Believe it or not, 12 strings sort of went out of style in the late 70's The Who's song, "Substitute" is done with a 12 string, and how long ago was that? (I think that's also why nobody seems to get the intro tab quite right). George Harrison played one quite a bit. The late John Denver was another 12 stringer. The last album I recall with a load of prominent 12 string was Pink Floyd, "The Wall".

After that disco set in and killed guitar music. Then hip-hop set in, and put an end to music altogether in its entirety...

I just bought a Taylor 115e after Sweetwater got in a special run of lefties. That should count for something, ay?


A lefty
Well I don't know about going out of style,
you'de hafta take that up with Leo Kottke, Michael Gulezian,
always been in the background,
Denver was a fairly good 12 stringer as an accompanist
sunaj
#22
Quote by sunaj
...[ ]....Well I don't know about going out of style,
In terms of top 40 charts, twelves are very much out of style. Keep in mind, The Beatles, The Byrds, The Who, The Stones, (w/ Brian Jones), and even America were all top of the pop charts acts using twelves to one degree or another.
Quote by sunaj
you'de hafta take that up with Leo Kottke, Michael Gulezian,
always been in the background,
You hafta consider that Kotke never was, nor likely ever will be, an arena filling headliner. More like a "guitarist's guitarist". I saw him live in the early 80's, and the room held less than 500 people. Besides, he had to stop playing his 12 strings for several years due to tendon problems.
Quote by sunaj
Denver was a fairly good 12 stringer as an accompanist.
In his genre he was also a great singer, which more than makes up for a lack of shredding theatrics. IMHO, of course.
#23
^^^^ Let's not forget the likes of Willie McTell, Leadbelly and Lonnie Johnson. LJ played a rough old Mexican 12-string in his early days with a speed and agility that would have done credit to a modern shredder. He was the sideman on Texas Alexander's "Rising Sun" and there is a something that sounds like very fast vibrato occasionally in his playing. It took me ages to figure out what it was - he was just incorporating into his playing the fret rattle that only happened on one particular note. - Whatever it takes! He also played an eight-note scale in just under half a second in that same piece; just showing off.
#24
Quote by Captaincranky
In terms of top 40 charts, twelves are very much out of style. Keep in mind, The Beatles, The Byrds, The Who, The Stones, (w/ Brian Jones), and even America were all top of the pop charts acts using twelves to one degree or another.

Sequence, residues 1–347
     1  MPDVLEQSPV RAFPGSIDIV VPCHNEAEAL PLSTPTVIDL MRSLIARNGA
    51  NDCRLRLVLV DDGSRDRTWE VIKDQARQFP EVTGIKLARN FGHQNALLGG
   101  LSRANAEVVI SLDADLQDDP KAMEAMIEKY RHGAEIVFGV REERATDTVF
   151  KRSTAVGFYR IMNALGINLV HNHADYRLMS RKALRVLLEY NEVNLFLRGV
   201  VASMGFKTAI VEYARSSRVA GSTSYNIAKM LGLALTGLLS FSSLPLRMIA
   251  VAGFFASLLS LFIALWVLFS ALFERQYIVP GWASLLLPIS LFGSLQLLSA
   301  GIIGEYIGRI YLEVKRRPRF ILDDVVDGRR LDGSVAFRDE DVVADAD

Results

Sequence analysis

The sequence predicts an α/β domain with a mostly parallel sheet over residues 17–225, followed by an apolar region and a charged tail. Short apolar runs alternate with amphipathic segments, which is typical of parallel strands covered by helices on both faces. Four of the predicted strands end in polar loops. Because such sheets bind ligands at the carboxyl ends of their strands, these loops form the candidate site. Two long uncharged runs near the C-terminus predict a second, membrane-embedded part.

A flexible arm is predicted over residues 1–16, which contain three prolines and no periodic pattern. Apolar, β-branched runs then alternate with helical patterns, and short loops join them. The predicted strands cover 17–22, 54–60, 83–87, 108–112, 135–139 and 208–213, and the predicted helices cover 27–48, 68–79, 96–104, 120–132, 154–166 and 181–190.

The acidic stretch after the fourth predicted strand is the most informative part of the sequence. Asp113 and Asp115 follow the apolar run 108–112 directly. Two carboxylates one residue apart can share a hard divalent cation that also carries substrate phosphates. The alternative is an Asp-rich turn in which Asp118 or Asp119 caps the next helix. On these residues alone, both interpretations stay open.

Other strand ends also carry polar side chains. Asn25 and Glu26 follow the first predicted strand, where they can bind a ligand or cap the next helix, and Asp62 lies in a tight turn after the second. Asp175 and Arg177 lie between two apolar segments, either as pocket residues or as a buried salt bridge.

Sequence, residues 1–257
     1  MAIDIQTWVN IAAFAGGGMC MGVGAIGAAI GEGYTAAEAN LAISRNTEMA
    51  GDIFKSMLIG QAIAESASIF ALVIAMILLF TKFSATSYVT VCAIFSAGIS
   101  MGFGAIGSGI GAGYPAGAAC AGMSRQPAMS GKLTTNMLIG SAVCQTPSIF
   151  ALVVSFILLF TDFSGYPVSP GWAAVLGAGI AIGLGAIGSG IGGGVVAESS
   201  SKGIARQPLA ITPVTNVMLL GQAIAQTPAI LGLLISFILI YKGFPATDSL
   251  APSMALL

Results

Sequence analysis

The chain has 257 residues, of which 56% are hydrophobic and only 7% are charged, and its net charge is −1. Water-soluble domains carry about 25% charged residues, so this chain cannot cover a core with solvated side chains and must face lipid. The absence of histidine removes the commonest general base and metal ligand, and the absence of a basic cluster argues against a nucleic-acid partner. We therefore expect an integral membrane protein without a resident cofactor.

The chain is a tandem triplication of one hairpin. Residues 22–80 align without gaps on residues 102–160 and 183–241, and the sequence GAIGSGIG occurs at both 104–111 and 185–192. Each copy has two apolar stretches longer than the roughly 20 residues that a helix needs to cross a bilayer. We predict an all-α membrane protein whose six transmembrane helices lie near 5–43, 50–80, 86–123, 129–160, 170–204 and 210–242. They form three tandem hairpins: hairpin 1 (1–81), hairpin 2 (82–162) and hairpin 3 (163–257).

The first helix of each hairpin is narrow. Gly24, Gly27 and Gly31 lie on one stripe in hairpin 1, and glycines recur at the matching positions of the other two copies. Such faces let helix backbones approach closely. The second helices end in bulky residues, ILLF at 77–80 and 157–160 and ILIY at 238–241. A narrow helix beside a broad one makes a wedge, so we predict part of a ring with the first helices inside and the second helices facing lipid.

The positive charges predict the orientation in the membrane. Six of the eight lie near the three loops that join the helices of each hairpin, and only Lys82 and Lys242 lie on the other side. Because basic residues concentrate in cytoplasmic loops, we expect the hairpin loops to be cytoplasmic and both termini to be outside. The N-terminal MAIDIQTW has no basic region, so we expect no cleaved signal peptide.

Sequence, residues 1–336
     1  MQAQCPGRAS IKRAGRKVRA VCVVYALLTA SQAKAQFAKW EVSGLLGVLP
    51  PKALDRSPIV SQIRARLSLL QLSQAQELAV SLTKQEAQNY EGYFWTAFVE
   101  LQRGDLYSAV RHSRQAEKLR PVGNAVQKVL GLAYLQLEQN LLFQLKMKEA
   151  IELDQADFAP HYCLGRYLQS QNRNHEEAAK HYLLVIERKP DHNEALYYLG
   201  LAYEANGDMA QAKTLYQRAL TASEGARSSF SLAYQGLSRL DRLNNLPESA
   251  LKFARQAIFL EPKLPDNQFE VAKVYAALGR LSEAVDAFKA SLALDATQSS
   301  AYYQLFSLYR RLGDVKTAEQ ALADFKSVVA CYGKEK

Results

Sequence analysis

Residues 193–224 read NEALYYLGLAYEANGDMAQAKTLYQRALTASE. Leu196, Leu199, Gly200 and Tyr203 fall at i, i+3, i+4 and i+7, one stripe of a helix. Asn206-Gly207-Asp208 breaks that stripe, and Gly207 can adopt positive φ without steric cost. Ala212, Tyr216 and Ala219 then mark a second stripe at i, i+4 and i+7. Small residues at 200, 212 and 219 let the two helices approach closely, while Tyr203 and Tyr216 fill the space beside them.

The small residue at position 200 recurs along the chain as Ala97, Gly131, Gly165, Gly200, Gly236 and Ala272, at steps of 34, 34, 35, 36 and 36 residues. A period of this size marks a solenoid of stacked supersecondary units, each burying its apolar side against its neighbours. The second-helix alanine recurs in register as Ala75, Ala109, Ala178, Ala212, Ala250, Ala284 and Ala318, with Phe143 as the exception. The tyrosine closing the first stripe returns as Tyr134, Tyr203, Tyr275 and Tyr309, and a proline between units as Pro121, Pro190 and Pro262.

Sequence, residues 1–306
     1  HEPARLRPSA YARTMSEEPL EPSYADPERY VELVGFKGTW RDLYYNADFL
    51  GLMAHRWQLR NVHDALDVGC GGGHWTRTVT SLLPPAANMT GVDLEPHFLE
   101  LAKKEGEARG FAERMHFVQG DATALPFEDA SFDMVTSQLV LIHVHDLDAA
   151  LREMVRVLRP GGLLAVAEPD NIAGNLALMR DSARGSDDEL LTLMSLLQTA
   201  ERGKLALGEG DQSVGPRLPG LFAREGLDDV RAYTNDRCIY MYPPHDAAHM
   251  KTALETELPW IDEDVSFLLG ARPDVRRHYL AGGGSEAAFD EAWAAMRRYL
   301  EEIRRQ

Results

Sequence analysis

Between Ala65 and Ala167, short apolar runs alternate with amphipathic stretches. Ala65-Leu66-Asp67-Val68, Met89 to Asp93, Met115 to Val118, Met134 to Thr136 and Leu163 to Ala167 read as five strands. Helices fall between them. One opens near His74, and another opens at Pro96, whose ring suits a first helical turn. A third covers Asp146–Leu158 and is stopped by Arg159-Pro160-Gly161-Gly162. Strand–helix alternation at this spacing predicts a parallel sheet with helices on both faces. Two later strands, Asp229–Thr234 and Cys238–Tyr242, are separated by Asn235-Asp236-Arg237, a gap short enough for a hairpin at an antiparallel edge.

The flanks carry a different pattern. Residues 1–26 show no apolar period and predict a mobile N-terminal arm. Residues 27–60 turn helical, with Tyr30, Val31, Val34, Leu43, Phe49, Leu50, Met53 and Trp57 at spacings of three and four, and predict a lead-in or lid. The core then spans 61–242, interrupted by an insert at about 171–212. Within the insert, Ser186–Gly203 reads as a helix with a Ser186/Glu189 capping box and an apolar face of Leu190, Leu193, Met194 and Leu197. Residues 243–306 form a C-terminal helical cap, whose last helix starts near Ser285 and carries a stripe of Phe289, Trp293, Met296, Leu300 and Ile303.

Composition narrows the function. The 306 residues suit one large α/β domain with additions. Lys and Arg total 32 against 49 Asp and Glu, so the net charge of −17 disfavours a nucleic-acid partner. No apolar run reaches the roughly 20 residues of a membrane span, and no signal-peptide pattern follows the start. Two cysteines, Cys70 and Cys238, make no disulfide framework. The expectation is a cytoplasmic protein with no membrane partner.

You hafta consider that Kotke never was, nor likely ever will be, an arena filling headliner. More like a "guitarist's guitarist". I saw him live in the early 80's, and the room held less than 500 people. Besides, he had to stop playing his 12 strings for several years due to tendon problems.
In his genre he was also a great singer, which more than makes up for a lack of shredding theatrics. IMHO, of course.



Well perhaps in pop music but in the solo guitar virtouso genre the 12 is still alive and well, never went away, has always been a smaller crowd of enthusiasts
thanks for the last several posts with some interesting info on the 12,
think I'll look around for a LJ demo
and yes I loved John Denver,
I was only pointing out he wasn't really a soloist/instrumentalist but he had a very good style for what he was doing,
Country Roads has no peer

sunaj
Last edited by sunaj at Dec 6, 2015,
#26
Quote by sunaj
Well perhaps in pop music but in the solo guitar virtouso genre the 12 is still alive and well, never went away, has always been a smaller crowd of enthusiasts ....[ ]....
Nobody ever said that there were no 12 string virtuosos around any more, least of all me. I said they were out of style with respect to pop, and even country music top 40. The 12 string isn't out of style for me. I can't play the four I own worth a crap, but I love them just the same...

So really, there's no obligation on the part of you two to bury me in esoterica from 50 years ago to prove me right.

(First, keep in mind disco and punk drove me back into the 70's with respect to music and fashion, so there may be some lapses in my recollections). But, the last in your face with a 12 string song I remember hitting #1 or thereabouts on the charts was......(wait for it).........er, "Hotel California".

If I told you that, "hula hoops are out of style", would you tell me you went to the Moscow circus last night, and saw Ivana Snegurochka twirl 50 at once, so that makes them front page news for the general public? Sheesh !
Last edited by Captaincranky at Dec 6, 2015,